A History of the American Chemical Society

In 1946 or 1947, Weeks began collaborating with Charles A. Browne on a retrospective history of the American Chemical Society. Browne was responsible for the structure of the project and the first nine chapters. After Browne's death in 1947, Weeks brought the project to completion, and A History of the American Chemical Society—Seventy-five Eventful Years was published in 1952.[1] It was welcomed as avoiding the pitfalls common to commissioned histories.[13]

The authors have assembled a scholarly work which records the accomplishments of the Society without gloating over them. They have even given attention to the difficulties of the Society and the disagreements within its membership. –Aaron J. Ihde[13]


In 1967, Weeks won the Dexter Award for Outstanding Achievement in the History of Chemistry from the American Chemical Society.[11][14][1]


  1. Ihde, Aaron J. (1989). ""Mary Elvira Weeks (1892–1975)", from A Quarter Century of Dexter Awards (Abridged version based on unpublished manuscript, University of Pennsylvania libraries)" (PDF). Bulletin for the History of Chemistry. 3: 11–12. Retrieved 11 December 2019.
  2. Bray, Carol (1999). "KU's First Woman of Chemistry, Mary Elvira Weeks, A History of Our Historian" (PDF). Chemistry at the University of Kansas [Department of Chemistry press release]. University of Kansas. pp. 1–5. Retrieved 10 December 2019.
  3. Browne, C. A.; Weeks, M. E. (1952). A History of the American Chemical Society: Seventy-five Eventful Years. Washington, D.C.: American Chemical Society.
  4. "With the Faculty". The Graduate Magazine of the University of Kansas. 20 (4): 29. 1922. Retrieved 11 December 2019.
  5. "Mary Elvira Weeks Papers". Walter P. Reuther Library, Wayne State University. Retrieved 11 December 2019.
  6. Ogilvie, Marilyn; Harvey, Joy (July 6, 2000). The biographical dictionary of women in science : pioneering lives from ancient times to the mid-20th century. Routledge. p. 656. ISBN 9780415920384. Retrieved 11 December 2019.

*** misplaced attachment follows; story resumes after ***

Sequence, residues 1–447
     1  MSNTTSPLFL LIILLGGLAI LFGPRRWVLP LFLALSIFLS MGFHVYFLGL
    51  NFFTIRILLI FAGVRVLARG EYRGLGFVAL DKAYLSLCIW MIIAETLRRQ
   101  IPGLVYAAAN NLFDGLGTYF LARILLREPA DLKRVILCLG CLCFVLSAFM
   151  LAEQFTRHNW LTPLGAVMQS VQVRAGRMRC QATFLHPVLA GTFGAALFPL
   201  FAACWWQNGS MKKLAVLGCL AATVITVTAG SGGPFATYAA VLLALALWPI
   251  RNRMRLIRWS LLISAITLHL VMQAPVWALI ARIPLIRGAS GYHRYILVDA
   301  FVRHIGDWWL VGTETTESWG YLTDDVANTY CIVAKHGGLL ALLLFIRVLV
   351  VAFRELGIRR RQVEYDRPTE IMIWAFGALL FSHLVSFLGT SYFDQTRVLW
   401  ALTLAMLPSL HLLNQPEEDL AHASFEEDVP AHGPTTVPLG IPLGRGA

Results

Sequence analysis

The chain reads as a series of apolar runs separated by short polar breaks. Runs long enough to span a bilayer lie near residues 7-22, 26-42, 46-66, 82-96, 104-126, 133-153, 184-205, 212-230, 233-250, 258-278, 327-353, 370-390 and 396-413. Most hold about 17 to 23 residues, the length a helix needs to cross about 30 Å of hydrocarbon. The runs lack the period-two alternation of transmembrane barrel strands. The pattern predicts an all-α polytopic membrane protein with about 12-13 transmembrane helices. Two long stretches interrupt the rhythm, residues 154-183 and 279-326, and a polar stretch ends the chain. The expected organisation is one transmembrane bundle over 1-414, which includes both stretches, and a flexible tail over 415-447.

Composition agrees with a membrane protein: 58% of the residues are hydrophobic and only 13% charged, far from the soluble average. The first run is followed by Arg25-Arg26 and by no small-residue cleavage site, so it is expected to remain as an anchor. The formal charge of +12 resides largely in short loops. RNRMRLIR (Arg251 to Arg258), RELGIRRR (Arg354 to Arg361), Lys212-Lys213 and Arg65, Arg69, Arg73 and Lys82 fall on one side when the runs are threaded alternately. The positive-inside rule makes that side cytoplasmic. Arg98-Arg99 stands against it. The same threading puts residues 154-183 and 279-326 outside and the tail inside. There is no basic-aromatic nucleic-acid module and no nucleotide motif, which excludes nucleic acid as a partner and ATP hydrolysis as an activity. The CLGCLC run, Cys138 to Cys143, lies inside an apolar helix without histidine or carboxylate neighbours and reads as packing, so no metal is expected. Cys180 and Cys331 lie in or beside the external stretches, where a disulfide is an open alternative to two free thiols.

7. "(6676) Libraries, Interiors, Old Main, 1935". Walter P. Reuther Library, Wayne State University. Retrieved 11 December 2019.
  8. Weeks, Mary Elvira (1933). The discovery of the elements. Easton, PA: Mack Printing Co.
  9. Neeley, Kathleen L. "Frank Burnett Dains and his History of Chemistry Collections at the University of Kansas" (PDF). Notable Antiquarian Chemistry Book Collectors and their Public Collections: 222nd American Chemical Society National Meeting, Division of the History of Chemistry, Chicago, Illinois, August 28, 2001. Retrieved 11 December 2019.
  10. Browne, C. A. (1945). "Chemical Detection". The Scientific Monthly. 61 (4): 326–327. JSTOR 18362.
  11. Kauffman, George B. (1968). "Classics of Chemistry". Science. 162 (3849): 110–111. JSTOR 1725479.
  12. Fontani, M.; Costa, M.; Orna, Mary Virginia (2015). The Lost Elements: The Periodic Table's Shadow Side (PDF). New York: Oxford University Press. p. xxiv. doi:10.1093/oso/9780199383344.001.0001. ISBN 978-0-19-938334-4. S2CID 54908954. Archived from the original (PDF) on 2019-03-05. Retrieved 11 December 2019.
  13. Ihde, Aaron J. (1954). "Reviewed Work(s): A History of the American Chemical Society -- Seventy-Five EventfulYears by Charles Albert Browne and Mary Elvira Weeks". Isis. 45 ('): 101–102. doi:10.1086/348293. JSTOR 227689.
  14. "Dexter Award for Outstanding Achievement in the History of Chemistry". Division of the History of Chemistry. American Chemical Society. Retrieved 30 April 2015.
  • "Mary Elvira Weeks Papers". Walter P. Reuther Library, Wayne State University.
  • Weeks, Mary Elvira (1956). The discovery of the elements (6th ed.). Easton, PA: Journal of Chemical Education.
  • Portrait of Mary Elvira Weeks in A Quarter Century of Dexter Awards
  • Portrait of Mary Elvira Weeks with coworkers at Kresge-Hooker Scientific Library in Wayne University's Old Main, Detroit, Michigan.